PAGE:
The Anthropology and Bioarchaeology of Quotidian Experiences

  • Sarah Schrader
Part of the Bioarchaeology and Social Theory book series (BST)


This first chapter introduces the reader to the concept of quotidian (or everyday) actions and occurrences. An understanding of these events is important—it exemplifies how people actually live(d) by addressing their mundane experiences. Further, as practice theory illustrates, these everyday events form the basis of social structure, self, and community. Everyday life is complex, however; these experiences are varied, contextual, and differ throughout time and space. Anthropology is ideally situated to address these complex issues because of its continuing interest in human diversity as well as its four-field, holistic approach.

I will discuss how the subdisciplines of anthropology have examined everyday practices. For many, the primary aim of sociocultural anthropological research is to document, understand, and experience day-to-day life among the individuals and/or community being studied. Typically, this is achieved through participant observation, or what Geertz has referred to as “deep hanging out.” In this way, the anthropologists shadows a person or group, gaining an understanding of their processes, techniques, and experiences; further, sociocultural anthropologists have the opportunity to not only observe these contexts but also interview and discuss these activities with their participants. Archaeologists add to this perspective the ability to analyze diachronic similarities or changes, over hundreds or thousands of years, in everyday practice; this, of course, is at the expense of not being able to interview the individuals or group under study. Through meticulous excavation, archaeologists are able to excavate cultural strata to reveal how, for example, the organization of space, refuse deposits, and/or ceramic typology, changed through time.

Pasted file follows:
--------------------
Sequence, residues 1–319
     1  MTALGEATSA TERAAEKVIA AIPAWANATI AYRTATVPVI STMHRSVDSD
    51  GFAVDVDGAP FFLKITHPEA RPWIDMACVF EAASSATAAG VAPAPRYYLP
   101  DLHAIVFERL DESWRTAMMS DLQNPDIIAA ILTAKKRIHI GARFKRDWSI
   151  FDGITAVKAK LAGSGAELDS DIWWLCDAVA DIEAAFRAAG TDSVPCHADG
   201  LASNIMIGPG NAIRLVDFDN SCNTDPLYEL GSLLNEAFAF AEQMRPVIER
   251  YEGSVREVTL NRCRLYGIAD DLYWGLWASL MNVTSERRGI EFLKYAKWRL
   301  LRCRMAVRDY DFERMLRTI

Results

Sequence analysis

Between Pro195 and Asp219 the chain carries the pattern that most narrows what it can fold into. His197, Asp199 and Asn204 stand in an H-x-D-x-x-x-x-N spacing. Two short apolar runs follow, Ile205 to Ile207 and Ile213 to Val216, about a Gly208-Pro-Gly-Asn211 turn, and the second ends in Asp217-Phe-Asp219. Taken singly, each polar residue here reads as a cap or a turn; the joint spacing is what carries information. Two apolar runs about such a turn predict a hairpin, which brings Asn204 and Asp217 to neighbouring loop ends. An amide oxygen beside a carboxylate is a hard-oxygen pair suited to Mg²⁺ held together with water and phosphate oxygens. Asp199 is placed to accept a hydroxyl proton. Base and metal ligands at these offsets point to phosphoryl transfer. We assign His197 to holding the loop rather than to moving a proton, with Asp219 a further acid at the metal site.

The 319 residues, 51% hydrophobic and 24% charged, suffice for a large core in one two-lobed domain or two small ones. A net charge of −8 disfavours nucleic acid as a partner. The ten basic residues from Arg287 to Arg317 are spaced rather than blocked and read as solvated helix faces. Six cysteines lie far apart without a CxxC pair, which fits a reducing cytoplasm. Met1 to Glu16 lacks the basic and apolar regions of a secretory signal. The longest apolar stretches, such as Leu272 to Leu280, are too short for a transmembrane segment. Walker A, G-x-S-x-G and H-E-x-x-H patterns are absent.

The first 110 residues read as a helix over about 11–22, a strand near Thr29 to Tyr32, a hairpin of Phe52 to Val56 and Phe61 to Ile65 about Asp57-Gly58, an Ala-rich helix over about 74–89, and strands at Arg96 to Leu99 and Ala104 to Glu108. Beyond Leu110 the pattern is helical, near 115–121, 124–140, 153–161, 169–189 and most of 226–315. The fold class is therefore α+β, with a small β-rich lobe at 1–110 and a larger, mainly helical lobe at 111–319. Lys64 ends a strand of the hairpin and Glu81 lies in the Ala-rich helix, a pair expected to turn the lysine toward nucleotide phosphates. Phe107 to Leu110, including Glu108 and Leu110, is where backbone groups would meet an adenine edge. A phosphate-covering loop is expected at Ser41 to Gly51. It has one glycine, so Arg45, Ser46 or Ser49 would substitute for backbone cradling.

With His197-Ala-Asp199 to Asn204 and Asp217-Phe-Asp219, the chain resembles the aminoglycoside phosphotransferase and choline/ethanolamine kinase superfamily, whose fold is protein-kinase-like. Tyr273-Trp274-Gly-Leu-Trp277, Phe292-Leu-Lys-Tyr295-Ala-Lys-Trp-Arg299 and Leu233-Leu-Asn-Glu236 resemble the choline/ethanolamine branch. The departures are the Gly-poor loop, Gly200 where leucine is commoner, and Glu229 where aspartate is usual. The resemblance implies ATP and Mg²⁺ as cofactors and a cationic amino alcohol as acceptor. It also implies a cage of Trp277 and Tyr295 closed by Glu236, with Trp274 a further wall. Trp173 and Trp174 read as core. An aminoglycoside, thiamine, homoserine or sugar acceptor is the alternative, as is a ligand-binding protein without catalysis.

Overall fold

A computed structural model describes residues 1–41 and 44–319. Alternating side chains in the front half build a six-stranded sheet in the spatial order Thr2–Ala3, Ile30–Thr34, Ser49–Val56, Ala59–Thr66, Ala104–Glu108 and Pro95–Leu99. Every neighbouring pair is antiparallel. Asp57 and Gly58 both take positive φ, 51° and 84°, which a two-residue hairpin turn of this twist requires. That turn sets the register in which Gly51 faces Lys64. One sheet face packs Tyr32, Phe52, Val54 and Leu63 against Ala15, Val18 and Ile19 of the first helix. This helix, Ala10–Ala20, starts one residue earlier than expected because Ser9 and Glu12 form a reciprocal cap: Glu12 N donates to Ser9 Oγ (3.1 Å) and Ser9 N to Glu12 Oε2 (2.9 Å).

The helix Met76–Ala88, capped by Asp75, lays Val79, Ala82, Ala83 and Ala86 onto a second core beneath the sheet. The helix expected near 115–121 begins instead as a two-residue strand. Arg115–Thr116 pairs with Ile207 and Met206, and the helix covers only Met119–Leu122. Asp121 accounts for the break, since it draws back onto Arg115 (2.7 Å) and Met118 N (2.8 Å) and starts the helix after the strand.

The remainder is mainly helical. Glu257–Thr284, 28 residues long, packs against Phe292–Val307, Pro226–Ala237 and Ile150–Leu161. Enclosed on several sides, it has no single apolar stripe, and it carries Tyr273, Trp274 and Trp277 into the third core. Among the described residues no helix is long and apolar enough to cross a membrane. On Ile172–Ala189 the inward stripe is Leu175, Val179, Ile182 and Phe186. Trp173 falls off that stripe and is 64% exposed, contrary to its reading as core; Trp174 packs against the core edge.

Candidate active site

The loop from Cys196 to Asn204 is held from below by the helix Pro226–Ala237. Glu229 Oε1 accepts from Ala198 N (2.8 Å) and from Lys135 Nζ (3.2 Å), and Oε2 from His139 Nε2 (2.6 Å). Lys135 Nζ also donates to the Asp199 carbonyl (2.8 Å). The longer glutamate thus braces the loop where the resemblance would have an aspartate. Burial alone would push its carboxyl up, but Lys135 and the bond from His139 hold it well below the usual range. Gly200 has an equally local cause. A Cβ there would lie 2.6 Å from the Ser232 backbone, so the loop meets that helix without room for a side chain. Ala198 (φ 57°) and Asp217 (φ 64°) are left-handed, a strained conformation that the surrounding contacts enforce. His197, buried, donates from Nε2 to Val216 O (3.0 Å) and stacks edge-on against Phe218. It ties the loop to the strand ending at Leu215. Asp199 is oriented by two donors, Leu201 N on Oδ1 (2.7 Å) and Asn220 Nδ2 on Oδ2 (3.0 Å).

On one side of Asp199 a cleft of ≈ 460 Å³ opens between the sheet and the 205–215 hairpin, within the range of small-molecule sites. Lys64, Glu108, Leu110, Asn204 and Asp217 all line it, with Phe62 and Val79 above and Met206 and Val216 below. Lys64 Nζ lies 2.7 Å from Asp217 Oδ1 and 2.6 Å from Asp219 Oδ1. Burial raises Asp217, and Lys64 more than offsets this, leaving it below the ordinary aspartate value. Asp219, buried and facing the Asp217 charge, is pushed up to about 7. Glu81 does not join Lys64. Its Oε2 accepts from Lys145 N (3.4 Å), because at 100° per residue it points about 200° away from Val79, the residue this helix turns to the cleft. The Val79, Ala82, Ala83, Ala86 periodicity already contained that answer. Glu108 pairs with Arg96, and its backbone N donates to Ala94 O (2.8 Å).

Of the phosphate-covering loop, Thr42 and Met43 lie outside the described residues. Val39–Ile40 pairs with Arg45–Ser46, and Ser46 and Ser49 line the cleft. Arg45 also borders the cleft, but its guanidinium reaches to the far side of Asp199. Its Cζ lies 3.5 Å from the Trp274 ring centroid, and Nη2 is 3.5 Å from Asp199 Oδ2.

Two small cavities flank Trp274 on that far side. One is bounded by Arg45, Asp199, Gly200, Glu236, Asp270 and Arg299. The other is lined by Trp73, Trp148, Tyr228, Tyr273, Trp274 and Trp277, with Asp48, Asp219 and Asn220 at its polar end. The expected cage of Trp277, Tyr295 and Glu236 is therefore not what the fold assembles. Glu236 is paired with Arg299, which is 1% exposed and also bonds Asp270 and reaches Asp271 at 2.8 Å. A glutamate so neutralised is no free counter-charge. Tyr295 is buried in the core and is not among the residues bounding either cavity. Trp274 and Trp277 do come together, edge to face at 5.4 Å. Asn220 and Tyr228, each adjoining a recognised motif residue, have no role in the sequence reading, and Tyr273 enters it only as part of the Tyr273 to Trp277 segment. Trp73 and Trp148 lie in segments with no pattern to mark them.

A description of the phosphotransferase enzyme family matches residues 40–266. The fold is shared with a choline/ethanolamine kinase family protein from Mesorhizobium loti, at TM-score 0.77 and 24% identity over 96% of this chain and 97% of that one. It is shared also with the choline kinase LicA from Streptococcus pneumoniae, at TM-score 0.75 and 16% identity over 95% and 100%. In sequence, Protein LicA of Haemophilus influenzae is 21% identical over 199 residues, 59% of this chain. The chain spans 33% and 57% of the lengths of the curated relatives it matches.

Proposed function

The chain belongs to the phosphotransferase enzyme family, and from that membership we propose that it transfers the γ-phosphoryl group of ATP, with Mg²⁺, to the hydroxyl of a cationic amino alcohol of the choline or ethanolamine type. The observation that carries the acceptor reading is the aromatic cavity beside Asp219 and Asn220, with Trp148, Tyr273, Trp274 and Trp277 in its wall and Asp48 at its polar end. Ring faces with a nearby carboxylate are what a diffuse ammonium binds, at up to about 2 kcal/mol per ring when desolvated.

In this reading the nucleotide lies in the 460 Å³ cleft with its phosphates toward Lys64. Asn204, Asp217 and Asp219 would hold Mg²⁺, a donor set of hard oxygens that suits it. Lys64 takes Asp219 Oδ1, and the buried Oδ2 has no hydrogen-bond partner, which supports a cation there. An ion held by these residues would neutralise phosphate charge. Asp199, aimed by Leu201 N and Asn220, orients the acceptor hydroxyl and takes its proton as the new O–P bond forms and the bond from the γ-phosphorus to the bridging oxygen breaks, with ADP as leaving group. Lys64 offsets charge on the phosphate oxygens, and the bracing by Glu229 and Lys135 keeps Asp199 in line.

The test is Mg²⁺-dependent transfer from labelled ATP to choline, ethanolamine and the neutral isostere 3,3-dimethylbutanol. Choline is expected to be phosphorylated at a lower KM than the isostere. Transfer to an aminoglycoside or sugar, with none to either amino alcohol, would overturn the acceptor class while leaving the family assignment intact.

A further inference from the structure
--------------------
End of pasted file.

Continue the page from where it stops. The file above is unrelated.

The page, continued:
A Bioarchaeology of the Everyday Approach contributes to this dialogue. Through the examination of human skeletal remains and their archaeological context, bioarchaeologists are able to address day-to-day action from a unique perspective. Unlike archaeologists, bioarchaeologists can examine the everyday activities of an individual, a group, or an entire population. Furthermore, the changes that occur in the human skeleton as a product of everyday life provide direct evidence of those embodied experiences. This is not to say that the osteological examination of daily life is without shortcomings; for example, when examining muscle attachment sites as a proxy for activity, bioarchaeologists are really addressing the product of long-term activity that has accrued, so to speak, on the skeleton. Thus, when using this method it is not possible to reconstruct a single action, or subtle movements. However, by employing a multi-method approach and comparing individuals or groups diachronically, bioarchaeologists can begin to address new facets everyday life in the ancient past.


Everyday Archaeology Embodiment Multiscalar Nubia 


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© Springer Nature Switzerland AG 2019

Authors and Affiliations

  • Sarah Schrader
    • 1
  1. 1.Faculty of ArchaeologyLeiden UniversityLeidenThe Netherlands

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